BusinessCompany NewsCompanies bill gets tough on accountants

Companies bill gets tough on accountants

The government unveiled its long-awaited companies bill today, with a range of measures that ministers said would protect 'Britain against Enron style corporate scandals'.

Link: ICAEW gunning for liability cap in companies bill

At the heart of the bill, which will implement safeguards recommended by post-Enron/Worldcom reviews, are measures to tackle the reliability of financial reporting and the independence of auditors.

It requires directors to state that they have not withheld any relevant information from their auditors, requires companies to publish details of non-audit services provided by their auditors and imposes on the professional accountancy bodies independent auditing standards, monitoring and disciplinary procedures.

The bill also strengthens the role of the Financial Reporting Review Panel in enforcing good accounting and reporting, by giving it new powers to require documents and broadening its scope. And controversially it allows the Inland Revenue to pass information about suspect accounts to the FRRP.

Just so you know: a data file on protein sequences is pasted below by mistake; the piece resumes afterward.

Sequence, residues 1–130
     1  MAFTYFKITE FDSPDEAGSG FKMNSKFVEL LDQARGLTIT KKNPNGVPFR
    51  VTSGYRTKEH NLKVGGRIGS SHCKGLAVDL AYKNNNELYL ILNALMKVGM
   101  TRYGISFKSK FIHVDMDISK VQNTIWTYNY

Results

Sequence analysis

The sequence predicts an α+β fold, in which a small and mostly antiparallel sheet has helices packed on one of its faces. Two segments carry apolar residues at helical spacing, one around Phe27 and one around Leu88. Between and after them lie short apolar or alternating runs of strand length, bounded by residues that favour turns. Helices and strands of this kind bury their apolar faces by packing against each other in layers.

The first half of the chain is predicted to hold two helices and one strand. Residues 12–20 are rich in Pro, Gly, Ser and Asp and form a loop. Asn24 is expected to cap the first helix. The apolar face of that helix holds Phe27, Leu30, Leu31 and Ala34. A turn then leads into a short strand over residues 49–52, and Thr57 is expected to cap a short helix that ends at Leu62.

The bill will also increase powers to investigate companies by giving investigators a new power to get relevant information from anyone and widening their document-gathering powers.

DTI minister Jacqui Smith said: ‘We want the UK to have the best system of corporate governance in the world. There is no denying that financial markets around the world have been badly shaken by the corporate failures of the last few years.

‘This Bill completes a comprehensive package of measures aimed at restoring investor confidence in corporate governance, company accounting and auditing practices here in Britain. Its aim is to raise corporate performance across the board and beyond.

‘The Bill tightens the independent regulation of the audit profession and strengthens the enforcement of company accounting, both concerns highlighted by the Enron and Worldcom scandals. It gives auditors greater powers to get the information they need to do a proper job, and increases company investigators’ powers to uncover misconduct.

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